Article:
Inspection reports offer a glimpse into the care a prospective resident can expect to receive in a given community. Sometimes, violations are easily fixed and don’t necessarily indicate a dearth of caregiving. Other times, a particularly disturbing picture is painted by the reports, reinforcing the need for thorough research before moving into a facility. Here are some of the incidents we discovered from one of the yearly inspections at Sunrise Home Care Services in Florida.
Dining room tables are set with paper and plastic products instead of china and silverware; this is the case for every meal. Residents are not given forks and knives at all, and were observed pulling chicken off the bone with plastic spoons or their fingers. Residents were not offered a choice of meals or drinks; everyone was served the same thing and was not offered other options even though some stated that they did not like or want the meal. Fruits and vegetables are always canned; it is very rare to have fresh produce offered. At snack time staff was observed passing out two foods – a pop tart or bread with peanut butter – and no one was asked their preference. Residents were handed one of the two items without the opportunity to choose. The supervisor stated there are other options for meals (canned ravioli, peanut butter and jelly sandwiches, or canned soup), but residents interviewed were not aware they could get something different. The menu is posted in a location inaccessible to residents.
There is not always enough food prepared to satisfy residents. Those asking for seconds were not always able to get more food, especially of the main dish prepared. Butter or margarine is not provided; residents eat bread dry. The supervisor claimed this is for the health of residents. Salt and pepper is also not provided. Residents complained of getting hungry before the next meal and some were noted as losing weight, though they were not on a documented weight loss plan.
- Facility administrator failed to provide regular meals which meet the needs of residents.
- Facility failed to meet recommended dietary allowances by failing to allow for a variety of foods adapted to the food habits, preferences, and physical abilities of residents.
Residents clear their own tables by bringing dirty dishes to the same counter where food is distributed. Second helpings are also provided at this counter when available, and staff was observed both handling dirty dishes and serving food without changing gloves. In the kitchen dishes are washed with a bleach solution, but the water temperature and the amount of bleach in the water are not measured for sanitation.
- Facility administrator failed to be responsible for total food services and the day to day supervision of food service staff.
- Facility administrator failed to ensure staff performed duties in a safe and sanitary manner.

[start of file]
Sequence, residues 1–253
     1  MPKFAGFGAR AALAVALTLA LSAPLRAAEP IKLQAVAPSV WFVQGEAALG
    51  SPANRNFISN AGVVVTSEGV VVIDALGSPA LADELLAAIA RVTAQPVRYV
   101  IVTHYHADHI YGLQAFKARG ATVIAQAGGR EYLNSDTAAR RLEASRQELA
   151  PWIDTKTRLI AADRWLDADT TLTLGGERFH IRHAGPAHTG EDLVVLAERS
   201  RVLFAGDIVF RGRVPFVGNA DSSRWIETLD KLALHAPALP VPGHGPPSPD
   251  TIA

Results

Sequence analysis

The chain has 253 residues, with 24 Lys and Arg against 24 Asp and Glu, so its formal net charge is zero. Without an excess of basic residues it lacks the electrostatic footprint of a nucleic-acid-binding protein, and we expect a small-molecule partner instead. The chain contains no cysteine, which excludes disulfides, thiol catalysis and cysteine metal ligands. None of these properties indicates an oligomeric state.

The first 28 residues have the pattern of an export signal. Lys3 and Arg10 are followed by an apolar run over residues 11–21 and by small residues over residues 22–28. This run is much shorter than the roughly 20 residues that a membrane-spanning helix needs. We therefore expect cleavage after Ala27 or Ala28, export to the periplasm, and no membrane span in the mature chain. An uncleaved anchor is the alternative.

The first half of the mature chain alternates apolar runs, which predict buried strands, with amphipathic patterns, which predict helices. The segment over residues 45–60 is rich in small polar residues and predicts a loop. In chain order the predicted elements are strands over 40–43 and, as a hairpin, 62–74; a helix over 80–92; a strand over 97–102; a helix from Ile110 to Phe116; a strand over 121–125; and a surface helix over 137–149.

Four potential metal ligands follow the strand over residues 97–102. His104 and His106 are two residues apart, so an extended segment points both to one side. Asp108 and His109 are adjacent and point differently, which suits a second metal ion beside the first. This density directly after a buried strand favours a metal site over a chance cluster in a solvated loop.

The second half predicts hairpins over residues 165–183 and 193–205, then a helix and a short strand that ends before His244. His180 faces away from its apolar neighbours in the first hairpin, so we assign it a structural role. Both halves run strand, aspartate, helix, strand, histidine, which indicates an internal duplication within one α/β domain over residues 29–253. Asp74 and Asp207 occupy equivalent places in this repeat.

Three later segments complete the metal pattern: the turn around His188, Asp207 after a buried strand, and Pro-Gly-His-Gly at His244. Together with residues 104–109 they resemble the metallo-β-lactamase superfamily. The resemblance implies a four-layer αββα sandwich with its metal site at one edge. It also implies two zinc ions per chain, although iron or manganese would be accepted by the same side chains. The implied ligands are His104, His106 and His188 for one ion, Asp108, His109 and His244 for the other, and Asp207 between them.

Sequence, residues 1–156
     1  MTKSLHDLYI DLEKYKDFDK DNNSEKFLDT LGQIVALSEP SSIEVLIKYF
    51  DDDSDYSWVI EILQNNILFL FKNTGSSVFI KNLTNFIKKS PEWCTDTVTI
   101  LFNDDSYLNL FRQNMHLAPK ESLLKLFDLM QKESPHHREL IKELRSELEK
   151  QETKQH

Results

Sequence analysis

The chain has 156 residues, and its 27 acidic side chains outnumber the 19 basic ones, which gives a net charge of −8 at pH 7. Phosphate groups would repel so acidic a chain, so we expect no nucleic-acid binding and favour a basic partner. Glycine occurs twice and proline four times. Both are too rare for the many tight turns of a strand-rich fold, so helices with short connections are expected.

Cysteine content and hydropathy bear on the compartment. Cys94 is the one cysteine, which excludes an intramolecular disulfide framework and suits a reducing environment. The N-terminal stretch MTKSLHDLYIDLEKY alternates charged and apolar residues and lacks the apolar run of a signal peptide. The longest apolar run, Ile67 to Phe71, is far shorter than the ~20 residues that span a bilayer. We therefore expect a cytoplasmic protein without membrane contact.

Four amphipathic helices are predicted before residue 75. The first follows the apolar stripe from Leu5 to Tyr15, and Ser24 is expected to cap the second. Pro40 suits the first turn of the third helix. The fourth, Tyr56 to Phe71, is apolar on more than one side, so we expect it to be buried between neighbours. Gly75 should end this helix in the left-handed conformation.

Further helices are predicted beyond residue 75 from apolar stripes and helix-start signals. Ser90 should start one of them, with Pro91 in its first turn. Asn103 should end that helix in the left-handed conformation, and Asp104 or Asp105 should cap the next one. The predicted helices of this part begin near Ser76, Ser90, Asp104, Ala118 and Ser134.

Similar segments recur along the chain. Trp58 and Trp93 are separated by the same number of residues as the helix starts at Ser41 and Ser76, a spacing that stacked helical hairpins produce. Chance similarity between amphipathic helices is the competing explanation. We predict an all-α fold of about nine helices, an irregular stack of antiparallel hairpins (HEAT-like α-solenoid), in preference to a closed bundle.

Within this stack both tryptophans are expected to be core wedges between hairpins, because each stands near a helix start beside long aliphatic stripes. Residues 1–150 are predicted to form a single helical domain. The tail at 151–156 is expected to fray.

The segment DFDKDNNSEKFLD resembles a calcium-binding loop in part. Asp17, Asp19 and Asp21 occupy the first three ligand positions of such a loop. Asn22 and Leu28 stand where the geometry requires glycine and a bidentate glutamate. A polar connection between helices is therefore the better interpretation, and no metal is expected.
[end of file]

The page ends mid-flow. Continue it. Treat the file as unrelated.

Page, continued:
Residents are often called “baby” and “honey” instead of by name. In one observed instance, a staff member was heard encouraging a resident to go use the potty and to have her diaper changed. This was done in the dining area in hearing range of every other resident at supper.
- Facility failed to ensure residents are treated with respect and with due recognition of personal dignity and individuality.
Several residents are owed money from an incident in their previous facility. The facility administrator says he has had their checks “maybe a couple of months;” the residents have not received their money. The administrator also processes residents’ social security checks, giving residents a portion of their money each month. The administrator was not able to produce documentation of payments or receipts from residents who had received their money.
Some residents do not have residency agreements in place.
- Residents have the right to manage their financial affairs unless otherwise authorized.
- Facility failed to maintain written business records using generally accepted accounting principles which accurately reflect income from residents.
- Facility failed to ensure that prior to or at the time of admission each resident executed a contract with the facility.
Many incidences of unsanitary and unsafe conditions are noted in the report. Furniture is indicated as worn, torn, and dirty. Bathrooms are not well supplied with towels and soap. A toilet seat is noted with a “dark substance” around the rim, and another toilet was left with feces in the bowl. One room smelled of urine and the supervisor stated that the resident is incontinent and it is hard to get the smell out of the bed. A musty/moldy smell was noted in the facility.
Floor tiles are observed to be in disrepair. Residents share adjoining bathrooms and apartment spaces; it is noted that residents of the opposite sex are able to unlock doors in their rooms and bathrooms to access each other’s rooms. Lighting does not work in all areas and exposed wires hang from the ceiling. One exit door was found to be jammed shut.
The inspector found many areas of the facility to be in general disorder, disrepair, and unpleasant condition.
- Facility failed to ensure every resident had a safe and decent living environment.
- Facility failed to provide a safe, clean, and hazard free environment for residents.
These egregious violations seriously bring into question the safety and well-being of residents. Reports like these reinforce the need for prospective residents to check inspection records and make a few surprise visits at a facility before choosing an assisted living community to call home.